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In May, Turkey’s official statistics institute put the inflation rate at 73.5%, the highest in the country since 1998. The figure was immediately contradicted by Enag, an independent group of researchers, who rather puts it at 160.8%. Subject to legal attacks and pressure, the director of this organization will lose his post at the university where he officiated.

Camped behind imposing gray mustaches, hands in the pockets of his apron, Zeki casts a disillusioned look at the fruits and vegetables arranged in abundance in front of his grocery store in Moda, in the heart of the Asian district of Kadiköy, in Istanbul.

“Look at my beautiful pink tomatoes,” he says with a flick of his chin. “They come directly from Antalya. Normally, in this season, everyone tears them away. What a waste.”

A year ago, he offered them at 8 Turkish liras per kilo (45 euro cents). Today, he cannot sell them for less than 20 pounds (1.10 euros), more than twice as much. A difference that economists attribute to inflation. But not the President of the Republic, Recep Tayyip Erdogan: the latter assured, on June 6, that such a phenomenon did not exist in Turkey but that – nuance – his country suffered from a cost of living problem.

“Data manipulation”

The tendency to want to minimize the seriousness of the economic situation is confirmed at the highest level of the State. The director of Tuik, Turkish National Statistics, was sacked at the end of January after publishing an inflation rate deemed too high. Then, in May, this institute sued Enag, the independent Turkish research group on inflation, accusing it of publishing figures in order to damage the reputation of the establishment.

The man who heads Enag, Veysel Ulusoy, is about to lose his job at Yeditepe University in Istanbul, where he had been teaching since 2010. He is being accused of “having attitudes and behavior contrary to duty of diligence required by the title he bears” and to “divert the resources, places, installations and devices provided or allocated to scientific research” on behalf of his activities within Enag, which he disputes.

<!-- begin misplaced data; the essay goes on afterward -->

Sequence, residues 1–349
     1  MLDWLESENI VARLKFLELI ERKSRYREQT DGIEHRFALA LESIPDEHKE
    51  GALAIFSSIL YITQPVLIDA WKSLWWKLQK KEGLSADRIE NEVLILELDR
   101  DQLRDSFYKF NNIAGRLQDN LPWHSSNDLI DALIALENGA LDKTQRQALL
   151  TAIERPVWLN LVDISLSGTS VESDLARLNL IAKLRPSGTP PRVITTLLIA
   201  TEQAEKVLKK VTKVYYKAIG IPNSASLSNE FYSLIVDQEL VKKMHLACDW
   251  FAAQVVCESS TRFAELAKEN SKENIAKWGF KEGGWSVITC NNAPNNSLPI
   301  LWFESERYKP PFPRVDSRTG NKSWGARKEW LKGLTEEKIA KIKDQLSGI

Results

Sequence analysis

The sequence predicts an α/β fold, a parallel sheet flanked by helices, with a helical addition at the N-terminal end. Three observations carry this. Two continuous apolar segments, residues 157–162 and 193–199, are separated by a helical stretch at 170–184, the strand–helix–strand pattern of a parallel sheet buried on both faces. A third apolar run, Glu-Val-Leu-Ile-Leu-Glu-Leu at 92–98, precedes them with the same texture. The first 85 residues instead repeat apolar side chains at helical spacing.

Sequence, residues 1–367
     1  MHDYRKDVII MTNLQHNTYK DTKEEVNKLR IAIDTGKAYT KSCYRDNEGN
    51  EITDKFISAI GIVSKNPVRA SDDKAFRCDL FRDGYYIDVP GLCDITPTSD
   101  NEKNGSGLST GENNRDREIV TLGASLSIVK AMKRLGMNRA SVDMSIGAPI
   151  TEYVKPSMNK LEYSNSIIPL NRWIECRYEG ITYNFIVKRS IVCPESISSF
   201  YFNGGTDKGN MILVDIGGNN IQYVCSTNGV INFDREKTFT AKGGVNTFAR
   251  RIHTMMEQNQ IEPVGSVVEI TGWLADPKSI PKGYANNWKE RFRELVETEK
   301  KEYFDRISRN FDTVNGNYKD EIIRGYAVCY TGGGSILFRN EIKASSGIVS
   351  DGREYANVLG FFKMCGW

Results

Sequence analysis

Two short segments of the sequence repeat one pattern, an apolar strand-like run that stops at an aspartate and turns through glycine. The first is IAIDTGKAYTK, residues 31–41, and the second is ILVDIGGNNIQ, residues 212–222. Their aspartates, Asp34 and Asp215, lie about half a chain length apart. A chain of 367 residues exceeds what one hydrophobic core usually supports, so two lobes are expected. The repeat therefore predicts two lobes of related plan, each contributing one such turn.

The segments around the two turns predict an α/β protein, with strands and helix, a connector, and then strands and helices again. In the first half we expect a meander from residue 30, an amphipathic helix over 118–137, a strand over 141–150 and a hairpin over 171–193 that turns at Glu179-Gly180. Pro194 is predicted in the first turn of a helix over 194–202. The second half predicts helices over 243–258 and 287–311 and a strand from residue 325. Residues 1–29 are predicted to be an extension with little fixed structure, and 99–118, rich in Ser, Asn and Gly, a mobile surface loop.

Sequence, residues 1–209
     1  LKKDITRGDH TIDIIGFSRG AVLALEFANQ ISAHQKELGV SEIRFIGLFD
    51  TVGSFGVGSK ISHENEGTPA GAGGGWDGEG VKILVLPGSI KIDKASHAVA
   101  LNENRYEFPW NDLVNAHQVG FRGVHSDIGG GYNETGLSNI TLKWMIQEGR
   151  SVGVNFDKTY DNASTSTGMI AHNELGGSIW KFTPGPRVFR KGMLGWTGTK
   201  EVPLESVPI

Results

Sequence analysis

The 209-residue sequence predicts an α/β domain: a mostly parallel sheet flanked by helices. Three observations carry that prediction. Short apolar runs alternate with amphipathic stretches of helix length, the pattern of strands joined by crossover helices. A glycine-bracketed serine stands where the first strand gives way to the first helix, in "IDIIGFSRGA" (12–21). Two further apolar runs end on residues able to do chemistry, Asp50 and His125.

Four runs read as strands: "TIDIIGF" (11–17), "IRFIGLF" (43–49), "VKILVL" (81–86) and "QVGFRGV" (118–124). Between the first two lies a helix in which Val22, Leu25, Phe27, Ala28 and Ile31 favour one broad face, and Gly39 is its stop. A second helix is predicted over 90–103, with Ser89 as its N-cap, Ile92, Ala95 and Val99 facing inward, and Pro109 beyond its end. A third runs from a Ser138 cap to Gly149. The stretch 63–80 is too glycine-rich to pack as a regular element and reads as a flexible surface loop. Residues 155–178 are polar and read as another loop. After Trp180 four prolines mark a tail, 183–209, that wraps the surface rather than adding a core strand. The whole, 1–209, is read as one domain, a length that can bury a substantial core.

The economist Veysel Ulusoy and his institute Enag are targeted after having published inflation figures much higher than the official data.
The economist Veysel Ulusoy and his institute Enag are targeted after having published inflation figures much higher than the official data. © Ludovic de Foucaud, France 24

The person concerned confides that he is not otherwise surprised by what is happening to him. “I expected this from the start but didn’t think it would be based on such absurd reasons. It raises questions: the possibility that the university’s rush to launch an investigation was motivated by outside pressure. “

However, this exclusion does not seem to discourage him. “Enag will continue to provide data to public and financial institutions in a corporatist framework” because, says Veysel Ulusoy, government communication in economic matters reveals “data manipulation”.

This dismissal even allows him to stick to his principles: “Staying in an institution [l’université, NDLR] who has lost his philosophy would cost me too much”, he comments.

Threat to academic freedom

The Ulusoy case once again sheds light on the situation of researchers and academics in Turkey. The country ranks 135th out of 144 in the Academic Freedom index. The possibility for the president to appoint academic staff by decree since 2016 has a lot to do with it. The latest report states that between 2011 and 2021, “Brazil, Hong Kong, India, and Turkey experienced the largest declines in academic freedom.”

Didier Billion, deputy director of IRIS and specialist in Turkey confirms: “this is not a new fact but the phenomenon has tended to increase since the failed coup of 2016. Without being openly militant or opposed in government, many academics prefer to self-censor for fear that their research will appear too critical and this is concerning.”

The geo-political scientist believes that as the elections scheduled for June 2023 draw closer, “the political environment is becoming tense. The polls are not good for the president and there are no indicators to suggest that the economic crisis will be curbed. Under these conditions, and this is a constant in regimes that can be described as authoritarian, he continues, the Head of State tends to listen only to his intuitions and to surround himself with people who dare not contradict him”.

It is in this context of tension that on Wednesday, the Turkish National Assembly must debate a new text which provides for sentences of one to three years in prison for the authors of “publication of misleading information”. For Professor Ulusoy, there is no doubt that this will also concern those who dare to relay the figures of Enag.

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